Hong Kong developers rush sales as buying momentum builds, while city enjoys lull before security law storm
- Home sales more than doubled in May from April to a one-year high as pandemic restrictions are eased
- ‘No one knows what will happen later this year as too many variables may affect the market sentiment,’ DBS says
“Builders will chase after volume instead of holding out for higher selling prices as the Covid-19 outbreak comes under better control now,” said Joseph Tsang, chairman at JLL Hong Kong. “New projects will be launched at lower prices in the first batch to draw eyeballs.”
The recovery momentum, however, is being tested in the coming weeks by Beijing’s introduction of a national security law tailor-made for Hong Kong. The legislation could reignite unrest that helped push the economy into a recession.
Home prices in Hong Kong have slipped 5.3 per cent from the peak in May, according to official data, enticing buyers who have held back big-ticket purchases through months of social unrest and this year’s viral outbreak. JLL expects prices to ease by as much as 20 per cent this year.
Developers put 11 projects on sale in May versus five in April and four in March. In February, at the start of the pandemic, only one came to the market just as restrictions on movement were being tightened.
“At present, projects being launched at attractive prices still managed to find buyers,” said Jeff Yau, a property analyst at DBS in Hong Kong. “But builders would offer discounts once they see unsatisfactory market response.”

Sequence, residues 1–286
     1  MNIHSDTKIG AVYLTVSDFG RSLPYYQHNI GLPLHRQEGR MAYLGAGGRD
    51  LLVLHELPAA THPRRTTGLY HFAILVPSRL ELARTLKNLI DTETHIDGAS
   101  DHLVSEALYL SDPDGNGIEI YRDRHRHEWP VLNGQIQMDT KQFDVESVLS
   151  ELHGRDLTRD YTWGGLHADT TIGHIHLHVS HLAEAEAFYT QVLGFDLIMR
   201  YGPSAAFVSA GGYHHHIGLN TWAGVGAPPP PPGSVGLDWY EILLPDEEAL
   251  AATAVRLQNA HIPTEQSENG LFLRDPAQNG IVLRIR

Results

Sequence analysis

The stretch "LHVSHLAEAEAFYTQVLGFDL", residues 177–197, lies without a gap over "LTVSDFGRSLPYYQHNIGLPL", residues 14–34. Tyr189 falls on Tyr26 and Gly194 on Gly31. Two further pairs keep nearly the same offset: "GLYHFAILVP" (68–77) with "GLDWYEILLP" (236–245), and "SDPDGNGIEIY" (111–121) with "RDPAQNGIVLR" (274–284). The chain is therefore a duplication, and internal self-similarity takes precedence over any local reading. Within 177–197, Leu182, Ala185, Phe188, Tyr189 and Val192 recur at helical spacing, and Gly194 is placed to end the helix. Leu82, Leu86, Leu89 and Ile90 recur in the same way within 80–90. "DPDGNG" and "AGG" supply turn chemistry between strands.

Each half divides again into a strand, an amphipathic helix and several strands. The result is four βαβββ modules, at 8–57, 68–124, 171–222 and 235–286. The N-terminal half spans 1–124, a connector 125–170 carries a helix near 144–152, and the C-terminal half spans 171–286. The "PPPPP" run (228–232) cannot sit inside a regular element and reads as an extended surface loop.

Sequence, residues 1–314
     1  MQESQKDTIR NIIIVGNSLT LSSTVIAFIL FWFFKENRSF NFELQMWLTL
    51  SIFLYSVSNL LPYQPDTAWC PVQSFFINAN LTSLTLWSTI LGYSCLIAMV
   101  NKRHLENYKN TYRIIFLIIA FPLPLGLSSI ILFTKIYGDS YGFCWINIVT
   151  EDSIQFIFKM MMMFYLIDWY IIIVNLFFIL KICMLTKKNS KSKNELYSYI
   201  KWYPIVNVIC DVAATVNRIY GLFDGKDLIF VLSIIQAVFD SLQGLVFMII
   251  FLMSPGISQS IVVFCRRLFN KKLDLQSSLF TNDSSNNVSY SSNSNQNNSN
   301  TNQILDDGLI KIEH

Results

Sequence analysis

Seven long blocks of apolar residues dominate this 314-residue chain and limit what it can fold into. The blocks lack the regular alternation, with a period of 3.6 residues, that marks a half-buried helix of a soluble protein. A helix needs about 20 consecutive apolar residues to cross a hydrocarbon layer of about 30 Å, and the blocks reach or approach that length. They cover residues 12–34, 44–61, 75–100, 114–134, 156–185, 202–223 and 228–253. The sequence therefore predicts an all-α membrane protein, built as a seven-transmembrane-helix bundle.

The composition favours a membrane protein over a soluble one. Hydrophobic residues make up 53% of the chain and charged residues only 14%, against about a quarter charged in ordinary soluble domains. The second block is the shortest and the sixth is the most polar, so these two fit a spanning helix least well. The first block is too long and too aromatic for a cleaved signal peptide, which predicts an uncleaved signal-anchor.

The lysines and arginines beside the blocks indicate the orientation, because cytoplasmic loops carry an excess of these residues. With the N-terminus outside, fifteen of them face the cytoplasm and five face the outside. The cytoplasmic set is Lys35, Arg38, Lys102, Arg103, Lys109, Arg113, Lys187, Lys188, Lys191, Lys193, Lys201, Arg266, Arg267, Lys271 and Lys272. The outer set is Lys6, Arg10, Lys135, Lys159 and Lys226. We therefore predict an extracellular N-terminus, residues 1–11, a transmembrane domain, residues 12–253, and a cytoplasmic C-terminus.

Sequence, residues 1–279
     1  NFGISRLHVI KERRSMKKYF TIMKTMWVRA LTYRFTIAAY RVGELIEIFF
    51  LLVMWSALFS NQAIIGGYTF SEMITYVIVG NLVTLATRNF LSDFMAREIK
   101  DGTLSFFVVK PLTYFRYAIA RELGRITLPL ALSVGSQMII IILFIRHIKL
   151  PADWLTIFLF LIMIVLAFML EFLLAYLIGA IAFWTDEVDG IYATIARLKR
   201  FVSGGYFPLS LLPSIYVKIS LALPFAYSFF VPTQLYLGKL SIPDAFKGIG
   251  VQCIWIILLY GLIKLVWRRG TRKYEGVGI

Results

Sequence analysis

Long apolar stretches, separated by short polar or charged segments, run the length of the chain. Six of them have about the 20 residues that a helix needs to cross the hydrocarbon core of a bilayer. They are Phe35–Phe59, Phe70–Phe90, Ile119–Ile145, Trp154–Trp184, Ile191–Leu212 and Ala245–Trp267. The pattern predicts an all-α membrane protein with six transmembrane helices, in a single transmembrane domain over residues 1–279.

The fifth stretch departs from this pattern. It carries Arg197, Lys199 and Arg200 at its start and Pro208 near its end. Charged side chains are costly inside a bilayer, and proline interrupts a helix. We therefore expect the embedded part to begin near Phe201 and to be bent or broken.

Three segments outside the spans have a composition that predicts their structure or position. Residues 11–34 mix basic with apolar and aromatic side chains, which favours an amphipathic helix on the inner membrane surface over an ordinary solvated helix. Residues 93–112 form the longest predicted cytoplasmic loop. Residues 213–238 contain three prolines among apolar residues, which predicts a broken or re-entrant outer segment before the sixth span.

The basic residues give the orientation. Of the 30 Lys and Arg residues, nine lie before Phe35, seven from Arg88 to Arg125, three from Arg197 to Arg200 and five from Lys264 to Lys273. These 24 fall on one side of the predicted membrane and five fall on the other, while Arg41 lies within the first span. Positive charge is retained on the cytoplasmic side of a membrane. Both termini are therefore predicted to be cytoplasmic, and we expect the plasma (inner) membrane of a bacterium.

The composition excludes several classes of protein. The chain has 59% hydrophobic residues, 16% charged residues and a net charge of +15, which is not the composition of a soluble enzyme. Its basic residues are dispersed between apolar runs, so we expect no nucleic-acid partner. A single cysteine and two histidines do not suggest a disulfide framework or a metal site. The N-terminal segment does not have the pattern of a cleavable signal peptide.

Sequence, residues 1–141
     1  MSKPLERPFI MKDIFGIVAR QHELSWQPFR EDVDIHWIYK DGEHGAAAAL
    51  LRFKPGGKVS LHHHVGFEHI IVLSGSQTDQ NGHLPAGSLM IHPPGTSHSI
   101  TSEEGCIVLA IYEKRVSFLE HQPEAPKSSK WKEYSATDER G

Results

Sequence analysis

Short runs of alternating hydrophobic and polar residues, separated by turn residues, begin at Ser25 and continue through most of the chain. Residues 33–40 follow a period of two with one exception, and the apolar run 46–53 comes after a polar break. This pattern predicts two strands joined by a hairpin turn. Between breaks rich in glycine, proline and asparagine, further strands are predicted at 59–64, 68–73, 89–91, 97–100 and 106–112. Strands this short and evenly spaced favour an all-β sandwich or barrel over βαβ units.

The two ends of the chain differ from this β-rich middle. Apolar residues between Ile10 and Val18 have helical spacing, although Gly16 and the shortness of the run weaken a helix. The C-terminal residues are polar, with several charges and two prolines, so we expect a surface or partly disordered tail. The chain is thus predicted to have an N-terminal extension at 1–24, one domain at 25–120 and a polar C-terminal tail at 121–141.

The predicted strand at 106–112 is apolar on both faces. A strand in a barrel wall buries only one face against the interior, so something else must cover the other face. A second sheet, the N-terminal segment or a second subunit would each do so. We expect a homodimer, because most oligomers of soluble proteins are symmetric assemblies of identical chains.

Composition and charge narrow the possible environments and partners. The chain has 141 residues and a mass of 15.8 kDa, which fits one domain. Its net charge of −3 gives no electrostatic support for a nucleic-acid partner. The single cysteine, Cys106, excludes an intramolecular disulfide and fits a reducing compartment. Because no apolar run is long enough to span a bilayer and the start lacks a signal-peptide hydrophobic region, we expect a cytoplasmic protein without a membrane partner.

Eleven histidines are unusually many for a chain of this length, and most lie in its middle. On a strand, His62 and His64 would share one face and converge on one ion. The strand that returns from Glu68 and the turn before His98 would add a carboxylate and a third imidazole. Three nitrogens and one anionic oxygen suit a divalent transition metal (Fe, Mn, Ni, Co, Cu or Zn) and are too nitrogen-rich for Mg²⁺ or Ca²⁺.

Homebuyers have snapped up 680 of the 699-unit Wetland Seasons Park phase two development in Tin Shui Wai over three weekends at an average selling price of HK$13,130 per sq ft. That is 7 per cent higher than HK$12,300 at the 13-year-old Central Park Towers in the same district.
In Cheung Sha Wan, buyers bought all the 282 units on offer at The Campton in two weekends at an average price of HK$16,411 per sq ft. That’s 20 per cent cheaper than The Vertex built by China Evergrande in the same vicinity.
“With more home seekers failing to buy in the previous weekend sales, we will speed up the launch of the third phase of Wetland Seasons Park in the third quarter,” said Victor Lui Ting, deputy managing director of Sun Hung Kai Properties, the developer.
Yau at DBS, who forecasts a 10 per cent drop in prices this year, expects to see an abundant supply of new flats in the coming two months as builders obtain presale permits and rush sales as market momentum builds.
“No one knows what will happen later this year as too many variables may affect the market sentiment,” he said.